Like a 1980s Christmas sweater enjoying a hipster renaissance, James Sewell Ballet has made the so-called “Ken and Barbie Nutcracker” cool again. For the second straight year, the local chamber dance troupe is staging an updated version of choreographer Myron Johnson’s “Nutcracker (Not So) Suite,” an irreverent holiday tradition previously produced by the late, great Ballet of the Dolls.
Sewell’s revival opened Friday at the Cowles Center, and while the reboot is well worth seeing — especially for Deanna Gooding’s star turn as Marie — the show could use narrative and choreographic tweaking.
The premise remains as fun as ever: It’s swinging 1963, and Flo, an Upper East Side single mom with a trust fund and control-freak issues, is preparing to host her annual holiday soiree. Her daughter Marie would rather play with dolls than dance the night away, but changes her mind once she meets a handsome sweater-vest clad “nephew” (hopefully from the other side of the family) who shows up at the party as her eccentric uncle’s plus-one.
Flo (Kevin McCormick) has the only speaking role in the show, and the dialogue could be a bit shorter and snappier. The New York-based actor impressively rocks sequins and stilettos, however, and makes a pass at the nephew (Jordan Lefton). Heartbroken, Marie flees, and in the second act finds herself trapped by beatnik fans of the Rat Pack (Sinatra & Co. make frequent appearances in the infectious soundtrack). All looks smoky and grim until Dominatrix Barbie comes to the rescue, complete with pink bustier and neon whip.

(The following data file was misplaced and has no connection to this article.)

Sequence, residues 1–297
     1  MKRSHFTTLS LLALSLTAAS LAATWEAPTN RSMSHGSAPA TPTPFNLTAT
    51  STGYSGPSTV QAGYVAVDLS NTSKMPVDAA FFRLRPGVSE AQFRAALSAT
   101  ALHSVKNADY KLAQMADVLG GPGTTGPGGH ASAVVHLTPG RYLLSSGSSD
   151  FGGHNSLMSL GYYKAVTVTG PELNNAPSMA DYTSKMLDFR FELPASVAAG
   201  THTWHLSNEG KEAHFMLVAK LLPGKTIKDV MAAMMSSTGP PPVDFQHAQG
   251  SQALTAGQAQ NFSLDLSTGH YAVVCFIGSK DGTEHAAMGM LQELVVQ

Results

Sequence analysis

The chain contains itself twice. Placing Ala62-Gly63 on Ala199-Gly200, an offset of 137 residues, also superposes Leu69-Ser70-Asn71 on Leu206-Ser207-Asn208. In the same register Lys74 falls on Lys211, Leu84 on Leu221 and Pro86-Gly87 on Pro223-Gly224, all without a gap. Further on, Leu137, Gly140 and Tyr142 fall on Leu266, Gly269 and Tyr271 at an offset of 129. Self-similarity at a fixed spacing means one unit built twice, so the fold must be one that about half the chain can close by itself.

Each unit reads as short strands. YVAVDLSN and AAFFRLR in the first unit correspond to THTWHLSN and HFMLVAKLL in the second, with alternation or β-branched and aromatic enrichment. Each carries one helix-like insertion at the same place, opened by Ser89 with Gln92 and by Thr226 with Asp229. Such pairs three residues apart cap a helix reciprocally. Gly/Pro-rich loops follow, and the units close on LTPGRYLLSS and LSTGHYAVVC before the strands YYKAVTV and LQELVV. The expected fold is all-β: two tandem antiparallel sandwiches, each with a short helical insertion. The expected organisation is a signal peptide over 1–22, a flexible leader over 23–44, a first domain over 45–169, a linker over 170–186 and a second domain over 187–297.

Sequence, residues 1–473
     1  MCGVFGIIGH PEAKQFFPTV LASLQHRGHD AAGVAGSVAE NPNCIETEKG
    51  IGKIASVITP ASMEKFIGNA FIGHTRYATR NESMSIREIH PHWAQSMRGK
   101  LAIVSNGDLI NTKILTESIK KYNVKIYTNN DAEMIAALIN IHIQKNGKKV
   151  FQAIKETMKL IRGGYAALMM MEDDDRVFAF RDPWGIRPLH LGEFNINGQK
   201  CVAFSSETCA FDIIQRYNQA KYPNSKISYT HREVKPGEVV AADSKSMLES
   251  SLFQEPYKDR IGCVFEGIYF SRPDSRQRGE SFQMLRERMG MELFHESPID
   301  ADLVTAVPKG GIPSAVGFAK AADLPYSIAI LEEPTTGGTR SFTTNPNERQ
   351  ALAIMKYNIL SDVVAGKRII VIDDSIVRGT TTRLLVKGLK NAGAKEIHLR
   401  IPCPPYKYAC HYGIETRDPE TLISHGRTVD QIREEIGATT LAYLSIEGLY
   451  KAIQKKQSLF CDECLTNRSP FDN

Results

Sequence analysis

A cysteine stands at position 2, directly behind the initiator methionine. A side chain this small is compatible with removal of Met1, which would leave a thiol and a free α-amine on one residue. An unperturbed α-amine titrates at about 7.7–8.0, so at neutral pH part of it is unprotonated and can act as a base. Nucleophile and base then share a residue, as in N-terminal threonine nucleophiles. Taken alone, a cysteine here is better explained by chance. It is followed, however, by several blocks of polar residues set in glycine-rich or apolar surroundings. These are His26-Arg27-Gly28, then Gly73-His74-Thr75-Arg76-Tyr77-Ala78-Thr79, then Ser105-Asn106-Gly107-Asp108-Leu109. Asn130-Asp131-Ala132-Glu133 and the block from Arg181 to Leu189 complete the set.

Johnson’s choreography is at its best when spoofing classical steps, such as when Ken and Barbie boogie through a pas de deux. Eve Schulte, a JSB veteran, has mastered a hip-swiveling, stiff-legged bourrée. She’s equally fabulous in a scene that models the Columbine Doll solo from most “Nutcrackers”; Gooding scampers after her tutu’d idol, mimicking her stilted takes on steps, jumps and turns.
Movement for the ensemble is less strong. Tongue-in-cheek modern dance choreographers such as Mark Morris and Larry Keigwin have raised the bar for social dance scenes as performed in comedic shows like this. Even simple musical-theater-style chorus lines and box steps looked awkward, but that imprecision may reflect an effort to look extra loopy.
The overarching concept of this “Nutcracker,” though, is tough for any other Twin Cities holiday show to beat. Plenty of towns lack a professional alternative to traditional Tchaikovsky. “Nutcracker (Not So) Suite” is the spiked punch at an otherwise dry, kid-friendly party, and it’s worth splurging for, like a top-shelf martini.